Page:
A record number of openly LGBTQ+ community members were successful in their election bids to the US Congress this November. And the results were more than expected. Many states gained an official that happened to be a member of the community and it became a first for many of the states. This election was brimming with firsts. According to Annise Parker, president of the LGBTQ Victory Fund, “More and more, folks are approaching races saying, ‘This is who I am and I’m not going to hide who I am in order to win an election,”
So, with the culture changing in the US Congress, it’s extremely promising that with more diversity, comes a government better equipped to meet the needs of the American people, ALL of the American people. As reported by The Lily, of The Washington Post, “According to Parker’s organization — a political action committee dedicated to electing LGBTQ officials — a record 1,006 openly LGBTQ candidates ran for office in the 2020 primaries and 574 advanced to Tuesday’s general election. Nearly a third of those candidates were people of color and a record 25 candidates identified as genderqueer, nonbinary or gender nonconforming.”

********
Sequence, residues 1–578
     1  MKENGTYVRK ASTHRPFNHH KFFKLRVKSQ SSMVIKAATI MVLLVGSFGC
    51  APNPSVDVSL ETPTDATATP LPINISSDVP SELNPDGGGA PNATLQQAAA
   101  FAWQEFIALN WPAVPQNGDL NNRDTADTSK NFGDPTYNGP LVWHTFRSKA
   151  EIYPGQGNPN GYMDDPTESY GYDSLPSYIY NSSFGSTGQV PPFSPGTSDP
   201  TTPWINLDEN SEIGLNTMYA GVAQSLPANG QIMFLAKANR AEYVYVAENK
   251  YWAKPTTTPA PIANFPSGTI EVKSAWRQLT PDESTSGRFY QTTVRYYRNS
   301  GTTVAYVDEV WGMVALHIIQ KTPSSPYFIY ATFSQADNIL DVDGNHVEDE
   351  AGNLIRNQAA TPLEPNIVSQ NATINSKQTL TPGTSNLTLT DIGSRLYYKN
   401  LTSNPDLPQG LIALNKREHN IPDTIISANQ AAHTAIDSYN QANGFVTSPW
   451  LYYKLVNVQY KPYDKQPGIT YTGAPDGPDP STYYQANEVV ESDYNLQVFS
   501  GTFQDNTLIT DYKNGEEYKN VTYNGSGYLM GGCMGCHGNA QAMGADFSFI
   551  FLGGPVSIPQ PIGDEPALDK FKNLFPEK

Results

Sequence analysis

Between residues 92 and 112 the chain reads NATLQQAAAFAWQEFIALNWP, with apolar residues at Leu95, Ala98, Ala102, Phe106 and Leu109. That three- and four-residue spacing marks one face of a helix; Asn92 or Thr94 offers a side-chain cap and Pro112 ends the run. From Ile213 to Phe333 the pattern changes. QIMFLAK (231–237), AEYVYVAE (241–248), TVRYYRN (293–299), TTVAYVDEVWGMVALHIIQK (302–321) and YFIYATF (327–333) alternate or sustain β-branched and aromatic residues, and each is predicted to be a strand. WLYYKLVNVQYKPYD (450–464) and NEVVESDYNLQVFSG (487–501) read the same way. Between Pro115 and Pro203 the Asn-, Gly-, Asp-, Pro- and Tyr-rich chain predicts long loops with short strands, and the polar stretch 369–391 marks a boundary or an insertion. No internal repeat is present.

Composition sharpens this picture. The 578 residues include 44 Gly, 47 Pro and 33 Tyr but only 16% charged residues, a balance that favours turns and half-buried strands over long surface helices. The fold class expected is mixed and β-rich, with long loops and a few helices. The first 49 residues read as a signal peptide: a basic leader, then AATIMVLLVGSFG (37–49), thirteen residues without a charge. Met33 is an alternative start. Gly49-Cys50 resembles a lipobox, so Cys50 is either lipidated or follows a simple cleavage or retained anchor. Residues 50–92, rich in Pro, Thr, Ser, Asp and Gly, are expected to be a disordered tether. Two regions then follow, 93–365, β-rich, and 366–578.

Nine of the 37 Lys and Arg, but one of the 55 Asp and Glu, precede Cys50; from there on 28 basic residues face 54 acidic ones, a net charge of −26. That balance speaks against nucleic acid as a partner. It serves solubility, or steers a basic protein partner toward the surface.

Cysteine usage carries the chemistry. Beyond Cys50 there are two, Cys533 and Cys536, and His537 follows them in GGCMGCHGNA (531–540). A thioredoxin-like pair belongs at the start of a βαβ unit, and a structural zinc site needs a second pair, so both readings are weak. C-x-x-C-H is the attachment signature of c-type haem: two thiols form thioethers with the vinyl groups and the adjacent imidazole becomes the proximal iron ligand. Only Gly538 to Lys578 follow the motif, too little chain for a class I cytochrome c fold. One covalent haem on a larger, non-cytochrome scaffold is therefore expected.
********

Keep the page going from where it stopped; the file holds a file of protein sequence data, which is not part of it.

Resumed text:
Among the victories:
Nevada became the first state to protect same-sex marriage in its constitution. Vermont gained their first transgender state legislator, Taylor Small. Jabari Brisport is the first LGBTQ+ person of color elected to the New York State Senate. Sarah McBride won her race in Delaware making her the first openly transgender state senator in American history. And these are just some of the victories mentioned. Many more were announced as the election came to a close. And with such an influx of inclusive candidates, America is looking at an adapting Congress.
Here’s to a more diverse US Congress and sparks of real change in motion. However, even though we’ve elected a more diverse Congress this time around, here’s to hoping this pattern continues to flourish in future elections.